Media in Poland go viral again about AVIAN FLU H5N1 and yesterday (i.e. 28th Feb. 2017) experts confirmed the presence of the virus in a dead swan found at Vistula bank (Toruń). The risk of transmission the virus onto a human is minor, but what about Mr Dog? Can we easily walk at rivers? Can a dog catch avian flu? Is it contagious to dogs?
According to prof. Andrzej Zieliński, national epidemiologic consultant at ptasiagrypa.net: “THE RISK of infection with H5N1 of cats or dogs is MINOR, but we CAN’T EXCLUDE it. Pet owners should WATCH their ‘furries’ what they EAT or what they PLAY with on a walk.” (as we know, dogs are real “discoverers” of strange things)
Dr Jacek Kucharski from Veterinary Inspection in Gdańsk, said in one of the newspapers:
“The detected case of CAT’s disease with this virus proves, that PETS CAN BE succeptible to contagion. As far, there have been no cases of the disease IN DOGS, but we have to be careful. In case we notice our dog got in contact with a dead bird, we need to carry out disinfection. Proper means are available in vet stores. (…)
In 2006 avian flu was confirmed in a dead cat, which had been found on Rugia Isle in Germany. There are different KINDS of H5N1 virus and the kinds differ: some infect only one species of animals, others can infect various species. The virus, which attacks cats is not necessarily dangerous for humans – as far, a case of a virus being transmitted from a cat onto a human has not been found. Laboratory tests have shown, that cats can fall with AVIAN FLU and that this kind of H5N1 can be passed AMONG the members of this species. It’s advisable NOT TO FEED animals on poultry meat.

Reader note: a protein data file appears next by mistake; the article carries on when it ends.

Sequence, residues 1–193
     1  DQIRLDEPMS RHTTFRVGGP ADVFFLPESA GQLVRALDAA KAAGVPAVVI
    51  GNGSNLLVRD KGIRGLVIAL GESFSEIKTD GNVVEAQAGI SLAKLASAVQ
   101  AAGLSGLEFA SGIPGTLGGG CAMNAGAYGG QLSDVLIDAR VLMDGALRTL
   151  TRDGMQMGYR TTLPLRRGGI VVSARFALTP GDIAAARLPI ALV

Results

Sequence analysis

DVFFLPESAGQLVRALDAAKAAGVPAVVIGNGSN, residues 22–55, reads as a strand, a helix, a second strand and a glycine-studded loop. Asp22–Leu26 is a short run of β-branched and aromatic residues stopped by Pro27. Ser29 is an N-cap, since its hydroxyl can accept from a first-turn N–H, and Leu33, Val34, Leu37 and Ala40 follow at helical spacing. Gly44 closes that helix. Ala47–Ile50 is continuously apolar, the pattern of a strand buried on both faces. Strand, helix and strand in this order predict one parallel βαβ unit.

Another “black scenario”: Mr DOG disappeared into the shrubs and ATE / picked a dead bird. So that’s why, the most EXPOSED to infection DOG breeds are the ‘hunting’ ones (as they like to “disappear into the shrubs” and find ‘something’) and dogs working on bird-farms.
That’s why we should AVOID walking near water basins (rivers, lakes). As you can see below, Mr Dog gets interested in various “exciting” findings…
Although the infection occurs mainly by DIRECT CONTACT (as wxplained above), it is possible to get infected indirectly – contaminated equipment, transport, etc. The presence of the VIRUS was also detected in the YOLK and the WHITE of eggs from the infected birds.
Be careful with FOOD. If you buy POULTRY and EGGS, you have to stick to hygiene procedures. Along with the poultry, salmonella bacteria can be transmitted. That’s why, it is advisable to WASH HANDS as often as possible. THE DISHES and kitchen utensils used to prepare poultry, should not be used to prepare other meals.
Beware – the SPRING is coming, and according to veterinarian Artur Dobrzyński, the spreading of the avian flu is fostered by the autumn and spring birds migrations.
Although avian flu ahs been present for over a HUNDRED years, only in 1955 its true, viral background was discovered, and it was in this century that the dangers have been fully realized.
Since December 2003, the virus wreaked havoc among birds in South Korea, Japan, Thailand, Cambodia, Vietnam, Laos, Pakistan, Indonesia and Hong-kong.
In the beginning of 2004 the ilness entered to the USA, and in 2006 the first cases of the epidemy were recorded in Europe, among others in the Netherlands, Italy, Russia and Turkey.
The incubation period
from the infection with avian flu to occurence of the first symptoms – it takes from three to seven days.
Depending on the virulence of the virus, avian flu in birds can have different course:
– over-severe – leads to instant death
– severe: birds sport symptoms like: loss of apetite, fever, feather ruffling, weakness, laying eggs with very thin shells. The birds have swollen crests, diarrhea, difficulties with breathing, they prop with their beak against the ground.